Arbitration. Confirmation of Award. Fifth Circuit holds that personal jurisdiction over Defendants is necessary to confirm arbitration award covered by the New York Convention.
In two similar cases consolidated for argument by the Fifth Circuit, Petitioners appealed denials of their petitions to confirm arbitration awards against Respondents, the People’s Republic of China (the “PRC”) and Chinese corporations owned by the PRC (the “Corporate Respondents”). The district court's decisions in both cases were based on a lack of personal jurisdiction over the Corporate Respondents, and a lack of subject matter jurisdiction over the PRC. The Fifth Circuit upheld the denial of the petitions for confirmation.
The court first held that foreign corporations are entitled to the protections of the Due Process Clause of the United States Constitution, thus sufficient contacts between Respondents and the forum state had to be established in order to exercise jurisdiction over them. The court then agreed with the district court, and previous rulings by other circuits, in finding that although the Convention on the Recognition and Enforcement of Foreign Arbitral Awards ("New York Convention"), 9 U.S.C. §§ 201-208, did not list personal jurisdiction as a ground for denying confirmation, the Due Process Clause required dismissal of the petition if personal jurisdiction was lacking.
The court then addressed Petitioners' argument that the Corporate Respondents were alter egos of the PRC, and therefore not entitled to Due Process protection. Petitioners contended that because a court need not establish personal jurisdiction over a foreign sovereign, it was also error to dismiss that foreign sovereign's alter egos for lack of jurisdiction. The court found that although the PRC was the owner of the Corporate Respondents, the evidence did not show the level of PRC-control over the Corporate Respondents required for disregarding their separate juridical identity. In particular, there was no evidence that the PRC reviewed the Corporate Respondents' management decisions, or commingled funds with the Corporate Respondents.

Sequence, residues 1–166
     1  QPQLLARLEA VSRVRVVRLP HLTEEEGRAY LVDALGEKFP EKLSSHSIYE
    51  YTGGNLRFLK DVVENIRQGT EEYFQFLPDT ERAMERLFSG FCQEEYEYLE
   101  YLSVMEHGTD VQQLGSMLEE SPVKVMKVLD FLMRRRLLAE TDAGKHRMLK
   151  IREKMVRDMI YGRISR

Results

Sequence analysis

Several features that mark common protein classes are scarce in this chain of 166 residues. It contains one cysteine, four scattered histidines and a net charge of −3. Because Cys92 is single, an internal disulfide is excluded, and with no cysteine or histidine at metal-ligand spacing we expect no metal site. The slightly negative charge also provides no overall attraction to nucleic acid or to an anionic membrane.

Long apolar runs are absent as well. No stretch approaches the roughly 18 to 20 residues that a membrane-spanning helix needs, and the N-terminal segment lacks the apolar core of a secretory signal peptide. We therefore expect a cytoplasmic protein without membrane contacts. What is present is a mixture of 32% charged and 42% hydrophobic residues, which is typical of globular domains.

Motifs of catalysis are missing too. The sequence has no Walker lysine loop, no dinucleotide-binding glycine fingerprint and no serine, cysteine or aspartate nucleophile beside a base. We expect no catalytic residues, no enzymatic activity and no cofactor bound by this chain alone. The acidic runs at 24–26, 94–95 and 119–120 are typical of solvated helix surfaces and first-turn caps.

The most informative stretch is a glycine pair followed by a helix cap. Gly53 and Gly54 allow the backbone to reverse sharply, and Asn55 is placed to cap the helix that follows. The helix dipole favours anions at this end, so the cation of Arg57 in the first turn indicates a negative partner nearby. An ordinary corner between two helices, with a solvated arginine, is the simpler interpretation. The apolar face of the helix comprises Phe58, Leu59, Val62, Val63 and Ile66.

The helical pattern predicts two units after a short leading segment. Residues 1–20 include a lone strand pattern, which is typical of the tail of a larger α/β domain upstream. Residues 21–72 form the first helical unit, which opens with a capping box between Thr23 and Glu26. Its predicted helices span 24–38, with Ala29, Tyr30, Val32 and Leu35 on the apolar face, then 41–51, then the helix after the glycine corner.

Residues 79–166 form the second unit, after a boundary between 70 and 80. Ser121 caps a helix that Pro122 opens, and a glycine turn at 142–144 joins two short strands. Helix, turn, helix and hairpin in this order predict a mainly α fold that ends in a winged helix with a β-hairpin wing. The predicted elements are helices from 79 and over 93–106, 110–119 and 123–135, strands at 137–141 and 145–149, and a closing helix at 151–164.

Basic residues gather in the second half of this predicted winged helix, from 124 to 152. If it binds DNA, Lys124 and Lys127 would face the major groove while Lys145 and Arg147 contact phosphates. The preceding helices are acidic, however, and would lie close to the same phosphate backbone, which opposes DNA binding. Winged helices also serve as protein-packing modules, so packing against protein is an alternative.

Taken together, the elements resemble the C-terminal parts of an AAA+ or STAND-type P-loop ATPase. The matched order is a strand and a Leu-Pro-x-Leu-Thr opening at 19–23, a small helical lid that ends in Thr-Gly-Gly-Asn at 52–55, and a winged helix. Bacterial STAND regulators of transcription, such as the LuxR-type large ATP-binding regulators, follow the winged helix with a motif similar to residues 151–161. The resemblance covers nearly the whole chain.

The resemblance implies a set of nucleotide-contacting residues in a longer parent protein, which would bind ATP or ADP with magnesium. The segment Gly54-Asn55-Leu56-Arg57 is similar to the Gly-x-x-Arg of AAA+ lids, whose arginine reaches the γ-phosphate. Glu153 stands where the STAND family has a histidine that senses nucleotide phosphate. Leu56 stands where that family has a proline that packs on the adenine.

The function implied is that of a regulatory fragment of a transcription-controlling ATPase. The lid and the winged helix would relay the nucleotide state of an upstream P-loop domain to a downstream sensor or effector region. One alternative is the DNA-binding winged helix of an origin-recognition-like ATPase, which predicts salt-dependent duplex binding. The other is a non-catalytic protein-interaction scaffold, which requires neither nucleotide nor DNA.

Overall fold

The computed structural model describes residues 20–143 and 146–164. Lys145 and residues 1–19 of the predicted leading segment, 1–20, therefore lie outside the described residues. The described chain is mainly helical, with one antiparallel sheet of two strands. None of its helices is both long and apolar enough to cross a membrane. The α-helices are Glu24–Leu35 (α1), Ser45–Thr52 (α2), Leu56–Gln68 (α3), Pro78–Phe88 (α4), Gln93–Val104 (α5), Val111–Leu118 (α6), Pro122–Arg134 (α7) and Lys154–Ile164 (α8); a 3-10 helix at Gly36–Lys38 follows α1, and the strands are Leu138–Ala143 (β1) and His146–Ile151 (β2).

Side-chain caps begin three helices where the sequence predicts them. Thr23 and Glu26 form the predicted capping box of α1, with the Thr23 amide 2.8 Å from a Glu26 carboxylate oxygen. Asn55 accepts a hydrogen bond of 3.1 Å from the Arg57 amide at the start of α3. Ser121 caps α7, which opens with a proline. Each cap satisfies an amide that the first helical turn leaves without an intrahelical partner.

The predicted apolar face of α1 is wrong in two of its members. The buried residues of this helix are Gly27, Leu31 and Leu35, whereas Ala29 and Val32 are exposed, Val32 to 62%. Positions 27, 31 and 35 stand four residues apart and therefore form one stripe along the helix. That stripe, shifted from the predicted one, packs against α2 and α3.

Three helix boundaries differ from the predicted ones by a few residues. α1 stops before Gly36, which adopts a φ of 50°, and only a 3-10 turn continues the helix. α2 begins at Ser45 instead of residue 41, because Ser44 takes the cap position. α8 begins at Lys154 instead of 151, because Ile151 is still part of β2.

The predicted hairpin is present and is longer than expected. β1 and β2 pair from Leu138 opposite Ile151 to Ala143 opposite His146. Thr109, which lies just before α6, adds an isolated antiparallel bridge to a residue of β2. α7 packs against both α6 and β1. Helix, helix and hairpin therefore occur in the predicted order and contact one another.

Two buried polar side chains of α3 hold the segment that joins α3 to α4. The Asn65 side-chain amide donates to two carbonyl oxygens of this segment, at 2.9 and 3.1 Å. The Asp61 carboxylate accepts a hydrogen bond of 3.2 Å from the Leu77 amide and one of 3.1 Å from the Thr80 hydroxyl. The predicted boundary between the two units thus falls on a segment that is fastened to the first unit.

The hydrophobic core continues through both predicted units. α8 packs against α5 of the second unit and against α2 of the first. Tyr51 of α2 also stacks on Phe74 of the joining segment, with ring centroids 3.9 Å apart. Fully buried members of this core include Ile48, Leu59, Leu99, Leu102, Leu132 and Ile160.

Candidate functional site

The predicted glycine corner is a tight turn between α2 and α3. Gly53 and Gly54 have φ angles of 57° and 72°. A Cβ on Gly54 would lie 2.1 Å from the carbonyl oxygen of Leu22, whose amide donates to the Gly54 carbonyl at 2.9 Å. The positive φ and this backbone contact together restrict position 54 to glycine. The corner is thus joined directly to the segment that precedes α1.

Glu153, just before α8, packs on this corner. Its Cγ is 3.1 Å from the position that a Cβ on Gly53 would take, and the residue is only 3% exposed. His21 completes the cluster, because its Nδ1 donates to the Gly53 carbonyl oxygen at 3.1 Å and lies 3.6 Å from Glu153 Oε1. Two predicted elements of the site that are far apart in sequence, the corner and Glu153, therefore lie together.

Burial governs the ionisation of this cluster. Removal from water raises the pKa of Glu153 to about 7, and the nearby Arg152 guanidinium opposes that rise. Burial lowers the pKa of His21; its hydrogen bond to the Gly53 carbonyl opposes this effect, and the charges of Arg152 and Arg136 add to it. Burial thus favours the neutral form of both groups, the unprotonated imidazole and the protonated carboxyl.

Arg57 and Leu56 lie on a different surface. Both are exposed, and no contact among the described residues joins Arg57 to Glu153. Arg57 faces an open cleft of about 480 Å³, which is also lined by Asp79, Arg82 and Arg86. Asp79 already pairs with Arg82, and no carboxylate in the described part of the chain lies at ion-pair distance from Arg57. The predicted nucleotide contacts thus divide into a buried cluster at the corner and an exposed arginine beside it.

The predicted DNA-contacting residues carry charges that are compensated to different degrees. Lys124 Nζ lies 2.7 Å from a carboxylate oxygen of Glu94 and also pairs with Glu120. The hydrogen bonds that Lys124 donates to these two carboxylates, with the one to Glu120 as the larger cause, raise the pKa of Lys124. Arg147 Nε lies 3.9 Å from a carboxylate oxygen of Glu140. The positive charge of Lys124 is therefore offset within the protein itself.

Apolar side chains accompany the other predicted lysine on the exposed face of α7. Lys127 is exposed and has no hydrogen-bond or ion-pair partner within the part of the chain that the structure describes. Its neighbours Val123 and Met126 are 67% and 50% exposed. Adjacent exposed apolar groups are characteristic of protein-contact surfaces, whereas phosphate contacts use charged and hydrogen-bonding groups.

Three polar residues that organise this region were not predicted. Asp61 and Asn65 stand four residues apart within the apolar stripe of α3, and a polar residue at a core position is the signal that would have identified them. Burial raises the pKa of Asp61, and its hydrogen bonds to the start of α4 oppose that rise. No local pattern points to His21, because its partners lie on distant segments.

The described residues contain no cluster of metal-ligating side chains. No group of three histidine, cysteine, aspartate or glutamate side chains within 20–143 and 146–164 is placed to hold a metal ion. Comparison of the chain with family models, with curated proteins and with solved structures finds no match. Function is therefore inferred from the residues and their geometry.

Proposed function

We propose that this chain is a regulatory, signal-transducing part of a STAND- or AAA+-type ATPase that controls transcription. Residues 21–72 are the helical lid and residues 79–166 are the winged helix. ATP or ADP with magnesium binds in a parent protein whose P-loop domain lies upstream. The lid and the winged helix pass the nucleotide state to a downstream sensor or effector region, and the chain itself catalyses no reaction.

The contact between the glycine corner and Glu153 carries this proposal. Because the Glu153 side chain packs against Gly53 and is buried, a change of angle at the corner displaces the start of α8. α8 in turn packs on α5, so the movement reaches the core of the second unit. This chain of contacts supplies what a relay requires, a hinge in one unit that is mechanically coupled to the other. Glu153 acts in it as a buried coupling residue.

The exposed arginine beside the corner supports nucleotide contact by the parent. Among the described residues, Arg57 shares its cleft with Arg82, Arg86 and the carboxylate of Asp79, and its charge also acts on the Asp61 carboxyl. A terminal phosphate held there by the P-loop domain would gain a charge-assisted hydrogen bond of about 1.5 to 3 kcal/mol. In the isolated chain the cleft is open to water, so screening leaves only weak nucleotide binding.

In both cases, the court next examined whether it had subject matter jurisdiction over the PRC, which could only be the case if an exception to the Foreign Sovereign Immunities Act ("FSIA"), 28 U.S.C. § 1604, applied. The court noted that there is an exception to immunity for confirmation proceedings where the foreign sovereign had signed the underlying arbitration agreement. However, in this case, only the Corporate Respondents, and not the PRC, had signed the relevant arbitration agreements. Therefore, because the court had previously found that the PRC and Corporate Respondents were not alter egos, there was no FSIA exception, and therefore no subject matter jurisdiction over the PRC.
Finally, in Covington v. Xiamen, the court considered the district court’s denial of Petitioners' request for jurisdictional discovery of documents related to their alter ego claims. The court noted that Petitioners had not alleged “specific facts” as to how the PRC exercised control over the Corporate Respondent which could have been proved through the requested documents. The court then held that because such allegations are required in the Fifth Circuit before approving discovery into a foreign sovereign’s affairs, the district court’s denial of Petitioners' request was not an abuse of discretion.